The laws for possessing such a bird in the states are very strict and a stiff fine is issued without the requisite license, which is very tough to obtain.
We have yet to seek the information required for falconry here, but one can bet a metric ton of paper work and firma's are no doubt required.
Just give us a call Charles and we would be happy to drive up and assist you with your new little buddy.
All lies and jest, still a man hears what he wants to hear and disregards the rest.
Simon and Garfunkel

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Re: Can you identify this bird of prey?

Post by admin » Sun Oct 12, 2014 2:50 pm

yea, just the proper diagnosis of species solved a bunch of mysteries. I read they have tendency to get themselves in trouble when they dive as they dont always hit the breaks in time. That kind of explains how she came to be flopping around where she was.

Will correct the diet ASAP. Someone suggested introducing a small sparrow to keep her company over / for lunch. Where I have her now, the mice and various insects often visit on their own.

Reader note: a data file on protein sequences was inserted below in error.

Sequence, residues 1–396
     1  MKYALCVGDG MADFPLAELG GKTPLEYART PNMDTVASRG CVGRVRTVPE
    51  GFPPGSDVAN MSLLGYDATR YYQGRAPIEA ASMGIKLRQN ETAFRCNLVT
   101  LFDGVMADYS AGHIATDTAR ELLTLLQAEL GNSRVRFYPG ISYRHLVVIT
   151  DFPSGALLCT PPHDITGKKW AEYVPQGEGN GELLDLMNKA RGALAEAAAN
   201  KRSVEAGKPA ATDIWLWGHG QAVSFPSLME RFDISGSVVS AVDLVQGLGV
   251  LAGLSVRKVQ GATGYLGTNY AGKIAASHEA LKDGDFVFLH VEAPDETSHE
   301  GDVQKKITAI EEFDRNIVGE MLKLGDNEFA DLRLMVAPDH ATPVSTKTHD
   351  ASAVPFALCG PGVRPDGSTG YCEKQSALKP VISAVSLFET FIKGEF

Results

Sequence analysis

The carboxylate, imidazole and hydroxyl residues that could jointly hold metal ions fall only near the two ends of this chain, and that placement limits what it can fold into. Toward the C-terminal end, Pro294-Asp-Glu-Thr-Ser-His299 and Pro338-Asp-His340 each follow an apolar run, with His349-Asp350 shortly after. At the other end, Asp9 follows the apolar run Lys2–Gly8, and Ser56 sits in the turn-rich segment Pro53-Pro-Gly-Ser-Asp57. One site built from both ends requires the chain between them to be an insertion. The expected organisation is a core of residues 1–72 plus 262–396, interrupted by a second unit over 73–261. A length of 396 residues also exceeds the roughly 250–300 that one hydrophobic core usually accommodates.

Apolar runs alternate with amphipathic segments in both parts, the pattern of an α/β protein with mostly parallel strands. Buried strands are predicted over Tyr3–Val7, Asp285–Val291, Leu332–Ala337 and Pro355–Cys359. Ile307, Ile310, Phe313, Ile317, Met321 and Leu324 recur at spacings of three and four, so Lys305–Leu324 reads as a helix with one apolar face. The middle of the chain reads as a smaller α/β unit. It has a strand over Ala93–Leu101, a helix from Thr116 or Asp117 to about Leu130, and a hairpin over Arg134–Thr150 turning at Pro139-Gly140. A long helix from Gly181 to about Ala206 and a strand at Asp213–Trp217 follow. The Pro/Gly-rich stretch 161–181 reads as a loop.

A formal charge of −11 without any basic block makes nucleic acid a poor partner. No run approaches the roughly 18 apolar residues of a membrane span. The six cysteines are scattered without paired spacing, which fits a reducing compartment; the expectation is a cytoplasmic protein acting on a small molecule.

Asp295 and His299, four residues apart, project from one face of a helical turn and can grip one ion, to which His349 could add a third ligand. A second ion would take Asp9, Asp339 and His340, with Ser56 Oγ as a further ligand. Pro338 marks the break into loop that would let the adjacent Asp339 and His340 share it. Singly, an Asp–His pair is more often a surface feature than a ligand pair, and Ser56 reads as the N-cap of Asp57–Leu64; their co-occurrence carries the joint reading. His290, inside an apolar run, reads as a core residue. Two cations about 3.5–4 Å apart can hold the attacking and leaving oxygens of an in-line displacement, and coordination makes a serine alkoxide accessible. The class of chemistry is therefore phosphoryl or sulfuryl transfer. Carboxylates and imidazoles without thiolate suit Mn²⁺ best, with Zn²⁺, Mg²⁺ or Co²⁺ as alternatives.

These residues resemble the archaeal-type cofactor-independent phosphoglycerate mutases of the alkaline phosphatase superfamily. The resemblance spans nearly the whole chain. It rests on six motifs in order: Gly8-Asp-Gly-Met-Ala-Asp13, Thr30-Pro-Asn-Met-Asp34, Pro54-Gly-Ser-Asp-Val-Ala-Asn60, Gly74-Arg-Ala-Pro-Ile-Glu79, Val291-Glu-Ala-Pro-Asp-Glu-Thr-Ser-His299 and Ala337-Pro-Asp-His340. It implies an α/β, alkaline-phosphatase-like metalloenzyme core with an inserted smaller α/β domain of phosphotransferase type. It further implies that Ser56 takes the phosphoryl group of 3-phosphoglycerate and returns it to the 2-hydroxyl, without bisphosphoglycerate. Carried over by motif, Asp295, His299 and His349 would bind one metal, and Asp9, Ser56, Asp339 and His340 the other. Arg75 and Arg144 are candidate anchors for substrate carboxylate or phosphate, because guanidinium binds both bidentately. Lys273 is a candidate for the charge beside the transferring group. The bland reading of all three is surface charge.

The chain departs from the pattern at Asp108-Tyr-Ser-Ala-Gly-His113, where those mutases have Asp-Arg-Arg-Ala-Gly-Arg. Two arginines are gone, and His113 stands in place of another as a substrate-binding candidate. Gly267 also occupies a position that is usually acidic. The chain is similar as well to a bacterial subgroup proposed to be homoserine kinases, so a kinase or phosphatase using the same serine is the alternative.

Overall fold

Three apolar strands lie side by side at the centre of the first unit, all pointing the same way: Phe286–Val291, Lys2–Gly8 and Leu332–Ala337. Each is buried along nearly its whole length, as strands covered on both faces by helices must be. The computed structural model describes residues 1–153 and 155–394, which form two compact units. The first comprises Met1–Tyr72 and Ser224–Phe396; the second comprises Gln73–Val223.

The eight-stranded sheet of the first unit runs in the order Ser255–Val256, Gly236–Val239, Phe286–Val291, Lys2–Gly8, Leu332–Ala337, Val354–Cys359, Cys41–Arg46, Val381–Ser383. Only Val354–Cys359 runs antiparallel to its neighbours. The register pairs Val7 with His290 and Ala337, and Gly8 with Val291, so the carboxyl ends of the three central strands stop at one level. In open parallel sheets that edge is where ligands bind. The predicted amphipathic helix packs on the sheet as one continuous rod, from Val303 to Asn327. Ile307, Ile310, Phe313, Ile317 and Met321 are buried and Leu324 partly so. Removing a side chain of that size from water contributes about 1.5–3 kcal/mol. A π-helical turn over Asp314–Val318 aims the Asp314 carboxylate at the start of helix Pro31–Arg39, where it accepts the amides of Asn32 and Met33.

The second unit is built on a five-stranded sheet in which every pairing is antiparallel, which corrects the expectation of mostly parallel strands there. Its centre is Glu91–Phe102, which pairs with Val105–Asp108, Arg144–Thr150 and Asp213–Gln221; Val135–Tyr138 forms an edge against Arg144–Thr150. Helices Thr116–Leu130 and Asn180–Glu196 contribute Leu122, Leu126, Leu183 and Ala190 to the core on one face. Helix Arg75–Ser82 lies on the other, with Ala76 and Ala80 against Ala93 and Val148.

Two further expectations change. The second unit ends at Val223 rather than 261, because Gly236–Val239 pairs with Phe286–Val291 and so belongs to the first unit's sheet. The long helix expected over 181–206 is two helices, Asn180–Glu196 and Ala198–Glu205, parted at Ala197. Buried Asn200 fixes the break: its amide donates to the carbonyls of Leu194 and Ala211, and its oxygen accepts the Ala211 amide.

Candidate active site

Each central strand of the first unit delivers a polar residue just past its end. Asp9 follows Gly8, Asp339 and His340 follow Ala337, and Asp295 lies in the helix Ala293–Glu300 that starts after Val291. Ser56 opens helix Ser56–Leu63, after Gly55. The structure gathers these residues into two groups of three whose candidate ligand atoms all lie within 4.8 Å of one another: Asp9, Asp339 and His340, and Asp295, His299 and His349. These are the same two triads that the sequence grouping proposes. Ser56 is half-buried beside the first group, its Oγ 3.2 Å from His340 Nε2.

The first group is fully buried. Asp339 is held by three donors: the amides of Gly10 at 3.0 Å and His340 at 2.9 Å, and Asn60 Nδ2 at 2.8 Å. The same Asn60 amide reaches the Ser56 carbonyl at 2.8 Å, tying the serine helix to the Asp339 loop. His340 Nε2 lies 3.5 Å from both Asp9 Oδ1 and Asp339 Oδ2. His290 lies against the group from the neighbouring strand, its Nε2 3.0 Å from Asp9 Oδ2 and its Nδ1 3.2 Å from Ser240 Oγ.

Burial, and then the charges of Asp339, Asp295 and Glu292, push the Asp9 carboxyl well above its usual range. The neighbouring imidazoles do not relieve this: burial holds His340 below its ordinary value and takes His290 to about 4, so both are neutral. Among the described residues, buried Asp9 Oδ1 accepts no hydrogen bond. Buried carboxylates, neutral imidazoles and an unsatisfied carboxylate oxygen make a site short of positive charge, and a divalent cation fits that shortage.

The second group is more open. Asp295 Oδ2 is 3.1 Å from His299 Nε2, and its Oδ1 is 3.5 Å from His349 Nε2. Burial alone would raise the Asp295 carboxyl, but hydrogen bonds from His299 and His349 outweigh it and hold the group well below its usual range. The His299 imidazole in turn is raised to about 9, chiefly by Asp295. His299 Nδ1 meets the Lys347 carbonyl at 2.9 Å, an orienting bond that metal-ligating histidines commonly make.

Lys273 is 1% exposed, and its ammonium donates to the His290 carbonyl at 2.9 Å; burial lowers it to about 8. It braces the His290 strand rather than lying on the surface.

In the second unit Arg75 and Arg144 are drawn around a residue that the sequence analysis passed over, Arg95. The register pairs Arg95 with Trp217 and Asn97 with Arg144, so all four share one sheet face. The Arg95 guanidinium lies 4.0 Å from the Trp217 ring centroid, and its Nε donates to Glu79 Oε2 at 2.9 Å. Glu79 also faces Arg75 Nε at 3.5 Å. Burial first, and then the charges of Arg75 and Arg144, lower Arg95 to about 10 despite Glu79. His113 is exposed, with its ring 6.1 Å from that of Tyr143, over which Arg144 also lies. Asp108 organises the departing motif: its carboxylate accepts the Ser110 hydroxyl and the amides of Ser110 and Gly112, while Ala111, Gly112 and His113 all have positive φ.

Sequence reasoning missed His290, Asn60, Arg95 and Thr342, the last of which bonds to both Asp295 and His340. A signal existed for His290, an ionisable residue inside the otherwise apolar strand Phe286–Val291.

For the moment, she is willing to eat the chicken. In fact, I fed her a couple pieces this morning on the chop sticks, and she then hopped over to the plate on her own and finished off the rest.

She is showing all the signs of having been stunned. Now moving around the enclosure on her own, perching, feeding, and so on. Far more interactive than the first day. she seems to be using both wings, one is still a bit out of sorts, but yet to see her really flap it. Improving.

If I can confirm she can fly without trouble, she might be on her way here shortly.
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Re: Can you identify this bird of prey?

Post by admin » Sun Oct 12, 2014 8:29 pm

well, our bird has left the building. she waited for lunch, and then made a break for it. she found a small hole I missed. She was in pretty high spirits today, very mobile all morning moving around the enclosure. so she was in pretty good shape anyway. Hopefully we will see her around the neighborhood. best of luck of to her.
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Re: Can you identify this bird of prey?

Post by pnv » Mon Oct 13, 2014 8:27 am

Nice greenhouse!
did you build it?